The volcanic history of Olympus Mons from paleo-topography and flexural modeling

Ryan J. Isherwood, Lauren M. Jozwiak, Johanna C. Jansen, Jeffrey C. Andrews-Hanna

Research output: Contribution to journalArticlepeer-review

40 Scopus citations


Paleotopography and flexural modeling are here used to constrain the formation history and eruption rates of Olympus Mons, the tallest shield volcano on Mars. The timing of the initiation of significant edifice construction is constrained using lava flows whose paths deviate significantly from the down-slope direction of the present-day flexural trough, and thus are classified as topographically discordant. Flexural models are used to place limits on the fraction of Olympus Mons that could have been present at the time of emplacement of one strongly discordant flow. Comparison of the predicted flexural response with the paleotopography indicates that no more than 29-51% of the volume of Olympus Mons could have been present at the time the discordant flow was emplaced. The end of the primary edifice construction stage is constrained by the formation of the aureole deposits, which are inferred to post-date the bulk of the volcano. The ages of 3.67-0.10+0.05Ga for the discordant flow and 2.54-0.69+0.55Ga for the aureole deposit span the period during which the majority of Olympus Mons formed, a period of approximately 1.13-0.65+0.74Gyr. The resulting eruption rate of 0.003-0.015km3/yr is similar to that observed in terrestrial hot-spot volcanism, supporting a similar geodynamic mechanism driving shield-forming volcanism on Earth and Mars. After this period, the rate of volcanic resurfacing dropped off considerably, but low levels of volcanic activity have been maintained through the last several hundred million years.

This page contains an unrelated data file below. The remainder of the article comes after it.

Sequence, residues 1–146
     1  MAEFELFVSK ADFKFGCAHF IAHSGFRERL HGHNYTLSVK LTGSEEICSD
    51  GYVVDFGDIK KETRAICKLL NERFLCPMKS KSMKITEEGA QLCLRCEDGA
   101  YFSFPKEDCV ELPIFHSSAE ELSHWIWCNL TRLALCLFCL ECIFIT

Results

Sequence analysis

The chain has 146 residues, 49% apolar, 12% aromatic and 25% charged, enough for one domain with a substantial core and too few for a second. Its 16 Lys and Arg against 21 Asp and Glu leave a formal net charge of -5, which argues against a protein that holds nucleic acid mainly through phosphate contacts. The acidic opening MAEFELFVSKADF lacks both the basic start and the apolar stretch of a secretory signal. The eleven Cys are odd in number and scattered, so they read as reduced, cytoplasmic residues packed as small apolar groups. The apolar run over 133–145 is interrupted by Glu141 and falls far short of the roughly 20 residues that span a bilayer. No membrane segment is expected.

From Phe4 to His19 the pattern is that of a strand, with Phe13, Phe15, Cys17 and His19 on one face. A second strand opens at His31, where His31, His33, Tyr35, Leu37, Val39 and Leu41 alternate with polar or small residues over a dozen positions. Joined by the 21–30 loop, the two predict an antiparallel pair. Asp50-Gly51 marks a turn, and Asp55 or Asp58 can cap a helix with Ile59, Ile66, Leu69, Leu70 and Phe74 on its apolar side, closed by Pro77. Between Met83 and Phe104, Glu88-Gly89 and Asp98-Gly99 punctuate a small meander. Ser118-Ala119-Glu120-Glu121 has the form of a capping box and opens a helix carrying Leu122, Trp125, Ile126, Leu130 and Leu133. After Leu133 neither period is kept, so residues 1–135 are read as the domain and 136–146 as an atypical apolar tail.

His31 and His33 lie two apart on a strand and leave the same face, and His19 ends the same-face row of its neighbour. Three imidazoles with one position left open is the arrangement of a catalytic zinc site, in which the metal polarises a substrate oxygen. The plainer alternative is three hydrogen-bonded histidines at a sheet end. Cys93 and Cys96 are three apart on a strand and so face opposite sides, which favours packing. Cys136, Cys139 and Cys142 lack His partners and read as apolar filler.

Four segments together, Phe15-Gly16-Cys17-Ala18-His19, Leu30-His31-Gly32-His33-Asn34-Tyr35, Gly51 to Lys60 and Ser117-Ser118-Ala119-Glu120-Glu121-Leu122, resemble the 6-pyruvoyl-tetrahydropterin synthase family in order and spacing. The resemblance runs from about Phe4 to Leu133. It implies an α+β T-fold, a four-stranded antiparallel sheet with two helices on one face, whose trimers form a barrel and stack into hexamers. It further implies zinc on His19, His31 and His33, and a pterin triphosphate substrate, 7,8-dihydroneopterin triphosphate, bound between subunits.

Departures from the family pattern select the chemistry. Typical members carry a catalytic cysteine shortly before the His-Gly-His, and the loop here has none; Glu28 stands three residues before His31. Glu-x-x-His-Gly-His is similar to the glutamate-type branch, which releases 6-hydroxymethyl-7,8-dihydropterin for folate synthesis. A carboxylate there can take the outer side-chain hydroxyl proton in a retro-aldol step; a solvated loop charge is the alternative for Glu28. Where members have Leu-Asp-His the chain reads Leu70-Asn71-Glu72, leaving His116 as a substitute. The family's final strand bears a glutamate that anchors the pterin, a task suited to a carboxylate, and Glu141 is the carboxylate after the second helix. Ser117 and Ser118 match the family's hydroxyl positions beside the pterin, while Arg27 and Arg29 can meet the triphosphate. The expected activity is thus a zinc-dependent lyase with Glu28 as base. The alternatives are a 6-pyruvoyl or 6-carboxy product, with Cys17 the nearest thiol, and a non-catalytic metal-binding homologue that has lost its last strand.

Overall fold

Original languageEnglish (US)
Pages (from-to)88-96
Number of pages9
JournalEarth and Planetary Science Letters
StatePublished - Feb 1 2013
Externally publishedYes


  • Flexure
  • Mars
  • Paleotopography
  • Volcanism

ASJC Scopus subject areas

  • Geophysics
  • Geochemistry and Petrology
  • Earth and Planetary Sciences (miscellaneous)
  • Space and Planetary Science


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